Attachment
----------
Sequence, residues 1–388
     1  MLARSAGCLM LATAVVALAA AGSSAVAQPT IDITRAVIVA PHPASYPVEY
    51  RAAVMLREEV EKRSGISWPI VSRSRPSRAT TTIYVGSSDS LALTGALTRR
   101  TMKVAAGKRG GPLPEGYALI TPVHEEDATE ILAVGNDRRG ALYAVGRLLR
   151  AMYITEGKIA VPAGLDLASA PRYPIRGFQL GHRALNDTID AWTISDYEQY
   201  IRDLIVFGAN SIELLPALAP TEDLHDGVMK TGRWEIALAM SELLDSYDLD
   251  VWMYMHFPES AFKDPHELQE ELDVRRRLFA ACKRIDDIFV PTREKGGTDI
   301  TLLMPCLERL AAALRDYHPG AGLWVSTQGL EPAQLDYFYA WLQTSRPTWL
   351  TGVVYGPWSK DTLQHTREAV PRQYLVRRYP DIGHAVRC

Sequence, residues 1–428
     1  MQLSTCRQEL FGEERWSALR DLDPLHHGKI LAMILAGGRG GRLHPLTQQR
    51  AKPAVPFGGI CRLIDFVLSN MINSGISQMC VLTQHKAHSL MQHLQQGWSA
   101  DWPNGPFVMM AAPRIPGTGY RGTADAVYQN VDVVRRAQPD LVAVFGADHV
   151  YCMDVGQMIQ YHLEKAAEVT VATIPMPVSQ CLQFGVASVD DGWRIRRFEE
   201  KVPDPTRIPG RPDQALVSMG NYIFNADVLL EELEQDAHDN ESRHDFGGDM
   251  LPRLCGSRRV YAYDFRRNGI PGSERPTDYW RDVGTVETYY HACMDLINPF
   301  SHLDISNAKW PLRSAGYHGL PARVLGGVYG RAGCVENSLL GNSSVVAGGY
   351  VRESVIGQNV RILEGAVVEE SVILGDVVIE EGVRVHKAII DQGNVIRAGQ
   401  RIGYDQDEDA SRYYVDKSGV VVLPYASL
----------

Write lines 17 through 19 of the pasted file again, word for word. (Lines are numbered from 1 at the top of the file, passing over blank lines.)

   301  SHLDISNAKW PLRSAGYHGL PARVLGGVYG RAGCVENSLL GNSSVVAGGY
   351  VRESVIGQNV RILEGAVVEE SVILGDVVIE EGVRVHKAII DQGNVIRAGQ
   401  RIGYDQDEDA SRYYVDKSGV VVLPYASL